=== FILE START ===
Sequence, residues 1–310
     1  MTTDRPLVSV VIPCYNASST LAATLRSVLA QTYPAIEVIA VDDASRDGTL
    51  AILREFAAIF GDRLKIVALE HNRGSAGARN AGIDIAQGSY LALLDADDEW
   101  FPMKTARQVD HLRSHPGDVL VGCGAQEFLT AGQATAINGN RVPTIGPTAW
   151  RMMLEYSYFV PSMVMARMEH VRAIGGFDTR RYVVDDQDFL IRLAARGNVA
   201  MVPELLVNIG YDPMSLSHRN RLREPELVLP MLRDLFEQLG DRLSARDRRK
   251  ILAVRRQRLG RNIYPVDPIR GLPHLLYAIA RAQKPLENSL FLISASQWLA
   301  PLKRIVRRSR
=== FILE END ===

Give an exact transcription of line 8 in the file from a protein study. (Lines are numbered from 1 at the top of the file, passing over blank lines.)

   301  PLKRIVRRSR